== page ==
Introduction

Dell EMC introduced support for NVDIMM-N with their 14th generation of PowerEdge servers. NVDIMM-N is one of the variants of Persistent Memory (PMEM).

This image shows the location of status LEDs on the NVDIMM-N

Microsoft also uses the term Storage Class Memory, not exactly the same as NVDIMM variants, but it is used in naming the bus driver on Windows. In essence, it is Non-Volatile DIMM (NVDIMM) which means it retains its data even when the system suffers unexpected power loss, a crash (BSOD) or a shutdown/restart., system crash etc. NVDIMM-N modules have a battery pack to help achieve this (like a storage controller) and has flash storage to persist the data.

NWDIMM BATTERY

An NVDIMM-N module sits in a standard CPU Memory slot. A lot closer to the CPU than any disk type has ever been. This way we get the benefits of memory (very high speed, very low latency) combined with the benefits of memory.

Hyper-V and NVDIMM-N

Both VMware and Microsoft are heavily investing in ever better storage performance. Both in the virtual disks as for their HCI storage offerings. VMware introduced support for NVDIMM-N from vSphere ESXi 6.7. Microsoft brings support for NVDIMM-N mainstream with Windows Server 2019 LTSC. With SAC build they can deliver features faster but for the use case of virtualization/HCI, LTSC is the branch we’re interested in. We can use NVDIMM-N with S2D or present it to VMs directly to be used with either DAX or block access depending on the need of your workloads.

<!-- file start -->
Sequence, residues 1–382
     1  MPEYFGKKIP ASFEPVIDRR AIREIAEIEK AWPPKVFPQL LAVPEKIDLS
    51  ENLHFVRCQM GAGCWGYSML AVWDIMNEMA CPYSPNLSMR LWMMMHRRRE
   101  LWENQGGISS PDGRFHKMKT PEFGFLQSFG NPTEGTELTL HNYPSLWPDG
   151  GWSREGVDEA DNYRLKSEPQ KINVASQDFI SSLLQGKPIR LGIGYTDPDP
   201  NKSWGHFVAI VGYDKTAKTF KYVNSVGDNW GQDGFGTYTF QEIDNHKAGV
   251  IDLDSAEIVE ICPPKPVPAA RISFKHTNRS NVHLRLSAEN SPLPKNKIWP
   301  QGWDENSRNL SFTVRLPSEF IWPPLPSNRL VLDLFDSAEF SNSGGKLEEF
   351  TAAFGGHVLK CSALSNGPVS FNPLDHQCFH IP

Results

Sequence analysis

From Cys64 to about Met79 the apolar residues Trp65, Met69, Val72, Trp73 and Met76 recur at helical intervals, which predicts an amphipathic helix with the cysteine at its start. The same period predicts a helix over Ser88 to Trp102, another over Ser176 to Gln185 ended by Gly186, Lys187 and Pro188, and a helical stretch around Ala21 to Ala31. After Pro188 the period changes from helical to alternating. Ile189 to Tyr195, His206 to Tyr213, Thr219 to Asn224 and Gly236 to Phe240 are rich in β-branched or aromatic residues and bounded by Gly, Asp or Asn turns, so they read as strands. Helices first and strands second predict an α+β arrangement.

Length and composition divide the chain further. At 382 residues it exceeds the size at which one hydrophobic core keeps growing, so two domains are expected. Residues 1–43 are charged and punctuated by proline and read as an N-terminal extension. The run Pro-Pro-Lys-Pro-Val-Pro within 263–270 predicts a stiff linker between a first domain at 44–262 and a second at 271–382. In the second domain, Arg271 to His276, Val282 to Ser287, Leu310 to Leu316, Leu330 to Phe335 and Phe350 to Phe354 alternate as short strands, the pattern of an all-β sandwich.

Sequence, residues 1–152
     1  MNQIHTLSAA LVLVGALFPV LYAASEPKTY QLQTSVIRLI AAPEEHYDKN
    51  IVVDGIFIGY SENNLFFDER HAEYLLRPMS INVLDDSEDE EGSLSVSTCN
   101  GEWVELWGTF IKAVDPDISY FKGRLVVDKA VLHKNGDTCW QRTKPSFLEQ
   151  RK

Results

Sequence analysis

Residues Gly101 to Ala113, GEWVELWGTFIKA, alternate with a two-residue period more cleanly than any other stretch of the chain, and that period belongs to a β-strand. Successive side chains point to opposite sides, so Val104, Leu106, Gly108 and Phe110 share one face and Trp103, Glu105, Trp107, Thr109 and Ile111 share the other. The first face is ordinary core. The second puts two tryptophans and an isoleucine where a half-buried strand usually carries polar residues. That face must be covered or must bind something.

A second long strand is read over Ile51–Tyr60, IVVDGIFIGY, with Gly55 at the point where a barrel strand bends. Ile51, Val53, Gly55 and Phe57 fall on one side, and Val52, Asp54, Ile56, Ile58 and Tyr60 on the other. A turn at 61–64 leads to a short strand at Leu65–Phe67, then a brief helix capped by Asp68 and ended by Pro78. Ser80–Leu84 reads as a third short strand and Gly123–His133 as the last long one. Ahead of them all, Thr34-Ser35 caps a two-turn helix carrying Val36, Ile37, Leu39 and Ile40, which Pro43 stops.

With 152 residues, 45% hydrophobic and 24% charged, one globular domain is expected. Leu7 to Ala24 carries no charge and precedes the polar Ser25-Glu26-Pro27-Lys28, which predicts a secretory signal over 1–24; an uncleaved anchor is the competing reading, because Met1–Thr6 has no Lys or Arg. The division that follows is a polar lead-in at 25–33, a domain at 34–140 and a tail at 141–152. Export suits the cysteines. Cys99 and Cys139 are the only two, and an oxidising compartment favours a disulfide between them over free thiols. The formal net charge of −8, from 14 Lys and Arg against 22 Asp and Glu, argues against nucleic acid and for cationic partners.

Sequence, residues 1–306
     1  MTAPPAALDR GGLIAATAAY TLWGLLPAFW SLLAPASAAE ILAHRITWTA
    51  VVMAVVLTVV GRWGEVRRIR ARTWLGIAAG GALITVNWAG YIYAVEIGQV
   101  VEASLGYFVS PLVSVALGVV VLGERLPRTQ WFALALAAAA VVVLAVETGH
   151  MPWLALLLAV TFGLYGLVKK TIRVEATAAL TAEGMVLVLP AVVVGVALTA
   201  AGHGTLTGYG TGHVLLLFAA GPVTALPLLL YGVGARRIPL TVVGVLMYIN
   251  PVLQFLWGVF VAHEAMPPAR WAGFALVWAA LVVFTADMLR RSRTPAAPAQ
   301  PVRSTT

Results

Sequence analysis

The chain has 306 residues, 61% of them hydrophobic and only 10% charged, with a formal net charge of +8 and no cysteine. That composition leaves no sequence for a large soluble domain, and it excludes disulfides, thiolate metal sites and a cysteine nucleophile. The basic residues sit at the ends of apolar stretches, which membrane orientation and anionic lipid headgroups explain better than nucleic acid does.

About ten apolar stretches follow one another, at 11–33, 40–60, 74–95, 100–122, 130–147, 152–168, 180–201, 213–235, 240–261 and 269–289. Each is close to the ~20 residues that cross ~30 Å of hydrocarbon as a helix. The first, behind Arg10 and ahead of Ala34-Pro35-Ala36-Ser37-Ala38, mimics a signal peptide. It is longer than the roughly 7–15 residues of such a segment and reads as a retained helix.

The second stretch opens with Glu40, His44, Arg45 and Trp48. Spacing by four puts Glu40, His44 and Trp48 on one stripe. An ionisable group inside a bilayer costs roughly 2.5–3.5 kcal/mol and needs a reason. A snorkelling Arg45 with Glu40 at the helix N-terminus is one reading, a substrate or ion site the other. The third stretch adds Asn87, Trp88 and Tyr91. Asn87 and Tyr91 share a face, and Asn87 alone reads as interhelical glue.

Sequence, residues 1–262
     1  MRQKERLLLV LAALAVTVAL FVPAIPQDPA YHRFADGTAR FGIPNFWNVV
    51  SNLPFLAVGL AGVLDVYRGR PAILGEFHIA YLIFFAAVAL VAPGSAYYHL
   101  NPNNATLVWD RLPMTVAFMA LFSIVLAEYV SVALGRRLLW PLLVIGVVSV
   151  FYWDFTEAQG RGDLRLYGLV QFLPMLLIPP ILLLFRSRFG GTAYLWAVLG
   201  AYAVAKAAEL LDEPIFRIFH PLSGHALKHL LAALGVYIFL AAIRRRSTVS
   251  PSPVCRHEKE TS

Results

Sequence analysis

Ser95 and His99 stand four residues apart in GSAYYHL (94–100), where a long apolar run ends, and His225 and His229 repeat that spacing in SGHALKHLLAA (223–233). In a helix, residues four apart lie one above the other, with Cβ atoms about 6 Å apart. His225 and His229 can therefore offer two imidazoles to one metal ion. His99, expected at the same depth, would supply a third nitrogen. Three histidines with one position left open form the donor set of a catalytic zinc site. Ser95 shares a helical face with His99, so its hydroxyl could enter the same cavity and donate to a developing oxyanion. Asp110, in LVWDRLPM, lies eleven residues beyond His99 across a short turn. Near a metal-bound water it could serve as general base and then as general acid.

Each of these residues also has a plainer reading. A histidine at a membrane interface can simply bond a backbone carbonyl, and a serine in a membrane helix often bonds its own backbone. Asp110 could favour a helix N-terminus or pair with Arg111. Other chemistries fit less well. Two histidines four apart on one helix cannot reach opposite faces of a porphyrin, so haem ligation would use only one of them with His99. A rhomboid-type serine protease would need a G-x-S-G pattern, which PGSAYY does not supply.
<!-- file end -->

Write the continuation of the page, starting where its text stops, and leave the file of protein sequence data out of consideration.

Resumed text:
As you know I tend to invest in cost-effective, high-value ways to let Hyper-V shine when it comes to performance and as such this capability is something I have to investigate. Just like most of you, I am a novice at this technology. So, we are going on an adventure.

The first step is configuring NVDIMM on the server

Before we can leverage the NVDIMM-N modules we need to configure them for that use case in the BIOS settings. We make sure we have updated the BIOS and all firmware to the latest and the greatest. The same goes for the drivers and Windows Server updates.

Boot into the BIOS and navigate to System Setup / System BIOS / Memory Settings / Persistent memory.

System Setup / System BIOS / Memory Settings / Persistent memory

In that menu make sure your settings are as listed below.

  • Persistent Memory has to be set to Non-Volatile DIMM, not Off. That makes sense.
  • NVDIMM Read-Only has to be disabled.